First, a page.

Create a Culture of Communication in Your Districts
By Rich Bagin, NSPRA executive director
Recently, I spoke before a group of superintendents when I received an Outstanding Friend of Public Education Award from the Horace Mann League. I most appreciate that honor and I also used my acceptance to speech to share some messages with these leading superintendents who rally around public education.
One topic I covered was internal communication — one of the weaker components in schools that NSPRA often finds when we conduct communication audits around the U.S. and Canada. What follows is an excerpt from that speech on internal communication:
As we complete communication audits for school districts across the country, we see that by far the weakest component is internal communication.
Ideally, we want all staff to become ambassadors for their schools, to vote in finance elections where it applies, and to become advocates for their schools, their children, and their communities.
Unfortunately, this rarely happens.
Lots of lip service is given to having internal communication, but it often breaks down quickly as pockets of staff have little knowledge or a feeling that they know what is really going on.
They report little authentic engagement — even when their input is sought on topics of mutual interest. Most school districts have a problem in closing the communication loop when it comes to internal communication.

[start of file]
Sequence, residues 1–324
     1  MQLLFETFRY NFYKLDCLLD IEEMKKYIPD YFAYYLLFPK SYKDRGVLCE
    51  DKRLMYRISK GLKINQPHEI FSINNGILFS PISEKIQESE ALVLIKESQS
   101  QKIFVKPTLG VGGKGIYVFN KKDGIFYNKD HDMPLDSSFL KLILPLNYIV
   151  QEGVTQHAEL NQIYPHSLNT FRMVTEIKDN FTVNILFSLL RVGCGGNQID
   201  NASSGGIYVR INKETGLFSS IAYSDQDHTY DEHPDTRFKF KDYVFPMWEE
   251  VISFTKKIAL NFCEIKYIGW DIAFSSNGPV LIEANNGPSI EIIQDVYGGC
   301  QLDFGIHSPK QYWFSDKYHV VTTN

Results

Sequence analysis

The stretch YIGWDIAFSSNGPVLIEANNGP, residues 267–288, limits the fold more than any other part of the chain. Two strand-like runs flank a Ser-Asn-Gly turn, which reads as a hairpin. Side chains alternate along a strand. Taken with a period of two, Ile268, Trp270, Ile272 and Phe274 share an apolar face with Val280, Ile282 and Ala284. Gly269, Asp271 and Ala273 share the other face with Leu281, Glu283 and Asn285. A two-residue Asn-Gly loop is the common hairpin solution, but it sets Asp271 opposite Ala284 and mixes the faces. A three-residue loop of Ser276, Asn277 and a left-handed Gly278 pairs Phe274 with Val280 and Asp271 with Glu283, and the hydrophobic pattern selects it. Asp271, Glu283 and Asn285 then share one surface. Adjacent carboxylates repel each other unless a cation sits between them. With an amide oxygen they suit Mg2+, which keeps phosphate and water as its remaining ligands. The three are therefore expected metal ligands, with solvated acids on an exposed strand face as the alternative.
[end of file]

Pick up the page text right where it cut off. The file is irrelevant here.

Superintendents can make a big difference in setting the parameters for the importance of communication at every level. Our experience tells us that communication accountability is rarely measured and that may be the clue to solve this disparity.
We need to hold principals, central office administrators, service personnel supervisors, and others accountable with a communication component in their evaluations. (What gets measured gets done.)
Some do a great job communicating internally, while others ignore it. I can’t tell you how many times we have heard from a staff member, “Well, I find out what’s happening around here by calling my colleague in another building because their principal tells her staff what is going on and why decisions are made.”
In many cases, staff actually want to know what’s going on and can’t get an answer without fishing for it.
It does not have to be that way.
As superintendents, you can begin by modelling an approach to start the process to make internal communication a priority. You can begin by planting the seeds for a culture of communication in your district.
All staff are part of your communication effort and, by making a commitment to communication awareness and with a bit of training, you can make it happen.
To make my point about the power of internal communication, one staff member recently reported from an audit of a school district with 25,000 students:
“When the district’s tagline is not believed by the frontline, this district is headed for big trouble.”
Repeat: “When the district’s tagline is not believed by the frontline, this district is headed for big trouble.”
Let’s make internal communication a priority in our school districts.